Basal nitric oxide production curtails arteriolar vasoconstrictor responses to ANG II in rat kidney

Hideki Ikenaga, Rachel W. Fallet, Pamela K. Carmines

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45 Scopus citations


Experiments were performed to test the hypothesis that renal arteriolar vasoconstrictor responses to angiotensin II(ANG II) are curtailed through a mechanism that involves stimulation of endogenous nitric oxide(NO) synthesis. The in vitro blood-perfused juxtamedullary nephron technique was exploited to monitor arteriolar lumen diameter responses to exogenous ANG II before and during treatment with the NO synthase inhibitor Nω-nitro-L-arginine(L-NNA). Under control conditions, 1 nM ANG II reduced afferent and efferent arteriolar diameters by 13 and 11%, respectively. In the presence of L-NNA, 1 nM ANG II decreased afferent diameter by 26% and efferent diameter by 35%. This augmentation could not be attributed to the L-NNA-induced decrease in baseline diameter. L-NNA also augmented vasopressin responses, indicating a lack of agonist specificity in this interaction. ANG II reactivity during L-NNA treatment was not enhanced when tissue NO activity was fixed at basal levels(exposure to 1 μM sodium nitroprusside). These results indicate that endogenous NO modulates the vasoconstrictive impact of ANG II on both afferent and efferent arterioles of juxtamedullary nephrons and that this process does not require stimulation of NO synthesis.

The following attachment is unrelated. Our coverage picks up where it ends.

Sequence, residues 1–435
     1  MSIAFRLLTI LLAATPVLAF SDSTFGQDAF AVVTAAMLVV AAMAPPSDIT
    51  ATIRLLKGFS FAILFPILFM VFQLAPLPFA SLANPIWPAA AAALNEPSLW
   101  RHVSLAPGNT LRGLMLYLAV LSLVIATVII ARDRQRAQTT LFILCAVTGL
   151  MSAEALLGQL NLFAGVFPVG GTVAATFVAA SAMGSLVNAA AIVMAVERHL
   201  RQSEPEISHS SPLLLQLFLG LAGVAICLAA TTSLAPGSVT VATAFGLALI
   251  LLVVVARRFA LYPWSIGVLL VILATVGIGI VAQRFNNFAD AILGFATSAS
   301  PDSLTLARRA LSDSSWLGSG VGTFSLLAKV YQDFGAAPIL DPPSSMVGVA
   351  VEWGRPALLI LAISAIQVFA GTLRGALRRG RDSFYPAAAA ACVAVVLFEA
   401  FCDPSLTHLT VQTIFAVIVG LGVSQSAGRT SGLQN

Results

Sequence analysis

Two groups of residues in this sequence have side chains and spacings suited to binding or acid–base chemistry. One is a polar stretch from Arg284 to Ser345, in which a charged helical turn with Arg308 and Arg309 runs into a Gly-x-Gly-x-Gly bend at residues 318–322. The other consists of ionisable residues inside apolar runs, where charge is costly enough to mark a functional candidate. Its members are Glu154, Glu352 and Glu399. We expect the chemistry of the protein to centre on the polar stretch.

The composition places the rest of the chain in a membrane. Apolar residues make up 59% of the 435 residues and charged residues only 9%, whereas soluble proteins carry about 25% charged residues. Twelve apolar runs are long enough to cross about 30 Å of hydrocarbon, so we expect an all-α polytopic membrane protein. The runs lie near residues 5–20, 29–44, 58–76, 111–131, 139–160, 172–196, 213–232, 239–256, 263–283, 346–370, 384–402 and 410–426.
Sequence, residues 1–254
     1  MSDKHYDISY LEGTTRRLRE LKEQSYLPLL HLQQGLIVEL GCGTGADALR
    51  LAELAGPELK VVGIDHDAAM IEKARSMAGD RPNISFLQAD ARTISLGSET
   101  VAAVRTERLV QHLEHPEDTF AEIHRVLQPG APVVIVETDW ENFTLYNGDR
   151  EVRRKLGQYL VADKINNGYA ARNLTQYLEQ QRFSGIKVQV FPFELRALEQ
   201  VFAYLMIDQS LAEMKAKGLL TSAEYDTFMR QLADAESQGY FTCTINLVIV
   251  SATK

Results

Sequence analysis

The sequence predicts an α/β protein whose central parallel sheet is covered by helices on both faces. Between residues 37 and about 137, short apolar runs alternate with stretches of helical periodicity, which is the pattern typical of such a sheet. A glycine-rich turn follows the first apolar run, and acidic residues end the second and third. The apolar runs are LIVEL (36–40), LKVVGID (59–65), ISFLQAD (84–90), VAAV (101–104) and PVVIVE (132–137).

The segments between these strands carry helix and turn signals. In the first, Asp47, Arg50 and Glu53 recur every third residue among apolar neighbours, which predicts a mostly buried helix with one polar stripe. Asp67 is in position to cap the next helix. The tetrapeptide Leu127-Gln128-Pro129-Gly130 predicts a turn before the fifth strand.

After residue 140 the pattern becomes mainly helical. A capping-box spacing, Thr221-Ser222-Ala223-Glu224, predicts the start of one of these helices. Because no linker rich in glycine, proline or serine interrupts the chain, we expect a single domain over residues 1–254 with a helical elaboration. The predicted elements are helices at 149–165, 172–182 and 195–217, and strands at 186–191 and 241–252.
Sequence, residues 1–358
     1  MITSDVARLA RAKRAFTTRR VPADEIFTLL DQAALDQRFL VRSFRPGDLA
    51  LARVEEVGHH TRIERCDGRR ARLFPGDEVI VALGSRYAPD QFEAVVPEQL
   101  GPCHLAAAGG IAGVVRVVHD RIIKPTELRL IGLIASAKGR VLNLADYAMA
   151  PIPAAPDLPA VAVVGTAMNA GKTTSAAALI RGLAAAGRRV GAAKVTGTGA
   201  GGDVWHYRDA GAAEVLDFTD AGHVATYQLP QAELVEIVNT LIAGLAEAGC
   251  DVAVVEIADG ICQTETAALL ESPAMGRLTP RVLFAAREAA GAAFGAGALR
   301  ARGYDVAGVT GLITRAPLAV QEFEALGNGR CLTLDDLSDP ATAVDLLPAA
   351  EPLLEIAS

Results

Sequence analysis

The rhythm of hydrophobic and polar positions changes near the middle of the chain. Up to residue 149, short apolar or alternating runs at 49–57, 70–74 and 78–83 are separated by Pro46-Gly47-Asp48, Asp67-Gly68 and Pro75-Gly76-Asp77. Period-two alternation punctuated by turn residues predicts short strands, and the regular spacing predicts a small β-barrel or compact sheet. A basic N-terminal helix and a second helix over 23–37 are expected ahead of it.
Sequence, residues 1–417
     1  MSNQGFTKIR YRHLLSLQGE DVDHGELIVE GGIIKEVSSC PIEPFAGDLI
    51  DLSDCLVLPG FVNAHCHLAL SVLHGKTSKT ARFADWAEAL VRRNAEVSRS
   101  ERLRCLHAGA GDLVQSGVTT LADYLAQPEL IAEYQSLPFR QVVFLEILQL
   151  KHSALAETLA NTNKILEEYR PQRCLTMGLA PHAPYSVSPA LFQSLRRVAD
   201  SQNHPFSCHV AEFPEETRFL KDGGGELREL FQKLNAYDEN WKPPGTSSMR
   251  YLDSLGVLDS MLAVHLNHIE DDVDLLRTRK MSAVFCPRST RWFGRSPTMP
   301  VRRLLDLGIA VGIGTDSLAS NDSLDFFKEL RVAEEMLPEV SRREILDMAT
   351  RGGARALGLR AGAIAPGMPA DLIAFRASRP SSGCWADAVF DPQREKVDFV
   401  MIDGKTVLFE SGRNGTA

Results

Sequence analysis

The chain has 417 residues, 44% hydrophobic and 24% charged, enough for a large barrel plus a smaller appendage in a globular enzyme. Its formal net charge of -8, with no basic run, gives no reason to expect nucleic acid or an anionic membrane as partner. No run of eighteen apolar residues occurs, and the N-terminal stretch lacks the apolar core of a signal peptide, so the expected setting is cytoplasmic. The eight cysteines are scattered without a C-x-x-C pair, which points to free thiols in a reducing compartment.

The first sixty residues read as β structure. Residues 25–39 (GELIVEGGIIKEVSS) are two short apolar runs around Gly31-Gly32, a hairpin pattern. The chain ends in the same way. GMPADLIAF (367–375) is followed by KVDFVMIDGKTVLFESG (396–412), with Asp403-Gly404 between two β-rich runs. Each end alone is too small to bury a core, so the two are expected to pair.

Original languageEnglish (US)
Pages (from-to)F365-F373
JournalAmerican Journal of Physiology
Issue number2 PART 2
StatePublished - 1996


  • Afferent arteriole
  • Arginine vasopressin
  • Efferent arteriole
  • Nitro-l-arginine
  • Norepinephrine

ASJC Scopus subject areas

  • Physiology (medical)


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